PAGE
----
To be sure, Tushnet and orthodox Catholics disagree on key philosophical issues. Gay identity is one sticking point. In the question-and-answer section, Tushnet picked up a 3×5 white index card that asked why she insists on being identified as a lesbian. She said the identifier is a cultural construct. “This is also true of journalists,” she said, adding that knowing their background helps a person understand their outlook and inclinations.
After the talk, Panula volunteered that he disagreed with Tushnet on this point. “They say, ‘I’m gay.’ I say, ‘No, you’re not. You’re a child of God.’”
Yet Tushnet met little opposition on other possible points of contention.
Take her idea of service and sublimation. She said gay Christians should channel their erotic desire to serving others and living their vocation. A counselor at a crisis pregnancy center, Tushnet said she learned to be more humble and patient while helping women considering abortion. “We live in this atomistic age. Single people feel alone; married people feel alone. We need to build and care for people. It’s something they really want,” she said.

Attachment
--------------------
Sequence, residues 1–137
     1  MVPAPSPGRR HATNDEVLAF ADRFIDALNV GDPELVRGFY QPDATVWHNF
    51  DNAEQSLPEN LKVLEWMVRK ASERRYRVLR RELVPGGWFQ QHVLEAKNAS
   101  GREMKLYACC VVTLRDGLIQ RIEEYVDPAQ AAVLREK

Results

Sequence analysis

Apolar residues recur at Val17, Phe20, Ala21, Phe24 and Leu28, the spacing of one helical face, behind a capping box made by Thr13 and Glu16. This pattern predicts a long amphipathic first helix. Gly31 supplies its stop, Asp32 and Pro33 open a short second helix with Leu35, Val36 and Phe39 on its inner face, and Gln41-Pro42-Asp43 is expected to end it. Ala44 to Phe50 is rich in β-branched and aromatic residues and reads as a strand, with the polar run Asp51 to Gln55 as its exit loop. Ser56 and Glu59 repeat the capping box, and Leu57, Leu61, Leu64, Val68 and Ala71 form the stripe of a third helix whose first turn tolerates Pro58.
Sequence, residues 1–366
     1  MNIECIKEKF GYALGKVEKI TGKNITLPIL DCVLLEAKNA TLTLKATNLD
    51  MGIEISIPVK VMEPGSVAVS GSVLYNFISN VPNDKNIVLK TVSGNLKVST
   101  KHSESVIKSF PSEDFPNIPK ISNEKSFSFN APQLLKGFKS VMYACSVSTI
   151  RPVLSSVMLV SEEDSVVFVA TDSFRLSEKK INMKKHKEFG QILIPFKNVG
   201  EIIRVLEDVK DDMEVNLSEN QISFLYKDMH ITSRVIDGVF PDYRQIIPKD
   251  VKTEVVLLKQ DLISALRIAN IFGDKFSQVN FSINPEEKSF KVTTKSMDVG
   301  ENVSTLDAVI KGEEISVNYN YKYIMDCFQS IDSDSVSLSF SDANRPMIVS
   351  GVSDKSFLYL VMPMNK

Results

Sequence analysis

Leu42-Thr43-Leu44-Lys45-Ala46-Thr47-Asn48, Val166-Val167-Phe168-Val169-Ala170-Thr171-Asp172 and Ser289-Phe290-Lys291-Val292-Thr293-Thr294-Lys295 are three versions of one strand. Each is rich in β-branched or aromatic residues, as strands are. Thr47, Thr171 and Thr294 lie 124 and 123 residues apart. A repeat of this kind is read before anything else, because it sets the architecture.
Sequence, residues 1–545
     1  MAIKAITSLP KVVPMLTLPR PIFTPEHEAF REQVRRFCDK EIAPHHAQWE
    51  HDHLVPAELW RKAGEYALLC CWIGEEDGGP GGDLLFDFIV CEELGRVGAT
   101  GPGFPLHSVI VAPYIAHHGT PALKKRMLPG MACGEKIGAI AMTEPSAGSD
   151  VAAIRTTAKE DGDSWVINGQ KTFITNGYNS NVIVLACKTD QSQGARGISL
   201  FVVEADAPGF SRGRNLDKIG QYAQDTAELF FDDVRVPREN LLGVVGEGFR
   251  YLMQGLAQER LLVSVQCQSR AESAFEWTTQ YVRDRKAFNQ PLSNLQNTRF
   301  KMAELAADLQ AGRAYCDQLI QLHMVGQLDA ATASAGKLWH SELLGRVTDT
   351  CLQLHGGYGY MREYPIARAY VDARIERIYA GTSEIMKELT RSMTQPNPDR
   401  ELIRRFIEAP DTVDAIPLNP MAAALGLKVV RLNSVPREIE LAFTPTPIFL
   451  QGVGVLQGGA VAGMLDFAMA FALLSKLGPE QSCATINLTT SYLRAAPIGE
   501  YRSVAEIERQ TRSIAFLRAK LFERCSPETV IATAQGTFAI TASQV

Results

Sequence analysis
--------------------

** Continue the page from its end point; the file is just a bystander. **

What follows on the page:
About an hour after it began, Tushnet ended her speech and repaired to the main room. “I don’t want to be a jerk or a know it all,” Tushnet said, sitting on a chair as book buyers waited in line to speak with her. At least publicly, on Tuesday night nobody accused her of either. More than one said they would pray for her.
Corrections: This article has been modified from the original version.
Mark Stricherz covers Washington for Aleteia. He is author of Why the Democrats are Blue.